The balconies – Hood collection 1939
This melancholy ruin, shuttered dark and slowly rotting from the foundations to the roof, hard cooked by the northerly sun and miserably tenanted by parolees and men without hope.
This festering building with its filthy kitchens and sagging corridors and air of irretrievable loss, with its small and windowless rooms all stinking with the must of the dozens of rats living in the walls. This last place with its night noises of violence and fright. This End.
The upstairs café, blinded by stained curtains and unswept for years, offered only laminated tables, hard chairs and the thick dead air musk of cockroach decay – together with a panorama of the whitest beach in the world.
The Americans came in 1959 and used the room for scenes from the film of Ray Lawler’s play Summer of the 17th Doll. A droll production that did no favours for the proprietors.
In summer men would congregate on the upper balconies overlooking the sea to drink away the hot afternoon hours and leer at the women making their way down the hill to Bondi Baths.
Dusk would see them toppling up against the frail railings in a drunken and roistering camaraderie, and dawn saw the shattered litter of broken beer bottles that they had tossed onto the roadway during the night.
Some places needed to be torn down .
The public phone at the corner didn’t require any pennies if a boy could shout loud enough into the receiver to let his mum know he had just missed the bus home and was it ok if he could stay down the beach for just another hour because the waves were so good please mum thanks won’t be late goodbye.
The railing here behind the phone booth was where schoolboys congregated in the morning to discuss their options; to either continue to school, or just slip down the hill to the beach for the day – there were always plenty of spare boards in the south bondi shed.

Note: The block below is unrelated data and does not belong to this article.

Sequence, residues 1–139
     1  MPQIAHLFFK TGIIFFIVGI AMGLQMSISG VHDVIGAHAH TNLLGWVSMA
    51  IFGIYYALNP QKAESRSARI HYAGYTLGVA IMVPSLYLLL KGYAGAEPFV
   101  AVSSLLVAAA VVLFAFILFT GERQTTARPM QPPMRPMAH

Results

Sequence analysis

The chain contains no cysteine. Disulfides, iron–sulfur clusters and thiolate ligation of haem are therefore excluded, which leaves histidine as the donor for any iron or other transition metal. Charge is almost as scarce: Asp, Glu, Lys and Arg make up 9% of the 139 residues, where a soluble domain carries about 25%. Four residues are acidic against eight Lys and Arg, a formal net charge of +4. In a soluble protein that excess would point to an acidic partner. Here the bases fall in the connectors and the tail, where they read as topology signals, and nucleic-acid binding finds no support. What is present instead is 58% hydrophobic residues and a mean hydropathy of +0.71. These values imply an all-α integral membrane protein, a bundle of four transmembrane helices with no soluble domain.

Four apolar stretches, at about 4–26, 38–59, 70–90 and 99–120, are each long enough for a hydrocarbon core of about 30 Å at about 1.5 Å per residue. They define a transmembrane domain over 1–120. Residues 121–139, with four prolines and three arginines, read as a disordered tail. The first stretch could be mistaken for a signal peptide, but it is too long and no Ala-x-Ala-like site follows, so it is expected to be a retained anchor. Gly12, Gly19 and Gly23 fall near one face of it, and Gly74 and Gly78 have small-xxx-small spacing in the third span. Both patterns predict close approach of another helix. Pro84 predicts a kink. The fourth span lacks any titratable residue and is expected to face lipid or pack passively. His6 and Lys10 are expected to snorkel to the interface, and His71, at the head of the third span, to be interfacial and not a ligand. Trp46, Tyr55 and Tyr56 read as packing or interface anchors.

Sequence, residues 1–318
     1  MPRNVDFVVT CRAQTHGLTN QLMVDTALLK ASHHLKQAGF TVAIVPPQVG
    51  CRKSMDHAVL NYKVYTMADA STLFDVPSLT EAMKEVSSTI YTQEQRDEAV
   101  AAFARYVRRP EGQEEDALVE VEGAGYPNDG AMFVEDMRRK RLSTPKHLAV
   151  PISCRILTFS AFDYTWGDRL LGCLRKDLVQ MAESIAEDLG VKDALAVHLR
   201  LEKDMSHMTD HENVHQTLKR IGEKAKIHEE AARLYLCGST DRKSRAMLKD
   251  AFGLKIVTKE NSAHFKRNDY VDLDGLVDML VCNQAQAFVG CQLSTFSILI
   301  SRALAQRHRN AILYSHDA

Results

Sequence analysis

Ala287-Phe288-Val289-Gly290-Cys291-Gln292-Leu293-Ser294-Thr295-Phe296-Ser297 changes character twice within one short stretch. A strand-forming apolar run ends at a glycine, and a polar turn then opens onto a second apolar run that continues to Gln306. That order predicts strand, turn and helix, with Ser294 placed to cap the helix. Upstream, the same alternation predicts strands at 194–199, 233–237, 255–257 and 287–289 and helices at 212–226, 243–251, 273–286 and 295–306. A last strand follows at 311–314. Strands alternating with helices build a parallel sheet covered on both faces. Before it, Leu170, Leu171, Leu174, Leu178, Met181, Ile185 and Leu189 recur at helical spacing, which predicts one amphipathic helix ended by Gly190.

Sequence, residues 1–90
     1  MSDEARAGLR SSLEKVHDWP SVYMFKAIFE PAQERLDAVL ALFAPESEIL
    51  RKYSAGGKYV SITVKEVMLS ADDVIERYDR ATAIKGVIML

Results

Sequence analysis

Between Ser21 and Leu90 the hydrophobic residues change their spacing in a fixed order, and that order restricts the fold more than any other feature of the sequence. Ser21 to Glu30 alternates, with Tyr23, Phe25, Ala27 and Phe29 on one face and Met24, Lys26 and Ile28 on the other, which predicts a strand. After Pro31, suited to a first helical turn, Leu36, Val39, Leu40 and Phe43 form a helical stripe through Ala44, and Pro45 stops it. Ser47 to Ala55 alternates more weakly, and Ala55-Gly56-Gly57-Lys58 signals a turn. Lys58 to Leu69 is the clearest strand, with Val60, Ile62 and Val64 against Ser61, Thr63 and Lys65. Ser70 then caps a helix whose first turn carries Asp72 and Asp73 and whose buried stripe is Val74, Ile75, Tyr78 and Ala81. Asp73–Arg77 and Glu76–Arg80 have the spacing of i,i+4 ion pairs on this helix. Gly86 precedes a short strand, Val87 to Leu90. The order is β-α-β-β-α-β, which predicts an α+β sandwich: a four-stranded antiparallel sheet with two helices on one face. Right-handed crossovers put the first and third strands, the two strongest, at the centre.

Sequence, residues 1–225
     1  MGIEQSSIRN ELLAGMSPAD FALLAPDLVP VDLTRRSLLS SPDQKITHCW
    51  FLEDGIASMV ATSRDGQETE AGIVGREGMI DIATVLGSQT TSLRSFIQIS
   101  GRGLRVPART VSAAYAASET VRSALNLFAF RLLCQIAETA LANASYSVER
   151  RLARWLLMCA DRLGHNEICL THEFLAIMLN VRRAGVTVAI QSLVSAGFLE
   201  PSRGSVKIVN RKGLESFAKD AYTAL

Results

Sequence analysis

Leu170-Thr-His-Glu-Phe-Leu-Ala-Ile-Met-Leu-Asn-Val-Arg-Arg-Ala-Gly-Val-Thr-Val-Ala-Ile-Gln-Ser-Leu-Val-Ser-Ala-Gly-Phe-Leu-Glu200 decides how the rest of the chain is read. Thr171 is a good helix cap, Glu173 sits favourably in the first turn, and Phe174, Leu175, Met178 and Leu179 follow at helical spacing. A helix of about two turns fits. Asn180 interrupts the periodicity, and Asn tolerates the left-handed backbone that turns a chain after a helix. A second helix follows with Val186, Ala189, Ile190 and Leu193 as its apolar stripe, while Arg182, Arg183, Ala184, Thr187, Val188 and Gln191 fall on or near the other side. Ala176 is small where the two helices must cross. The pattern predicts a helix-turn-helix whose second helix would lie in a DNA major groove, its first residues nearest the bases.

The railing was also a crawl spot for lone men passing by in their cars and vans, men who slowed as they passed the loitering boys, thinking that they were not noticed. Some were fathers looking for their truant sons; others were seeking a different comfort.
The balconies – Hood Collection – 1939
So hard to resist the welcome breath of a summer north-easter, and the allure of that bone white arc of Bondi.
I felt as if I was staring into a snapshot while reading this – you took a moment and made it real.
The view from that old cafes’ windows was astounding and it was a measure of the times that it was rundown and closed more often than not – anyone with a couple of thousand quid could have had it, but those were the days when a house in dover heights cost 1,800 quid
This is a brilliant piece of descriptive writing. And I love the other stuff I’ve been reading this lunchtime, especially the restaurant tale.
Spot on description PB. Knew the area well …tram stop for trip to school and to the ‘Jungo!!
The milk bar was run by a guy called Jack Penchinya? who was a refugee and a hero in WW2. In early ’50’s someone tried to rob the place and Jack jumped the counter picked up the thief and threw him onto the street .. … Jack became a legend to the kids from Francis Street where he lived .
Shouting into the receiver/ Meeting before school at the railing etc…. what great memories .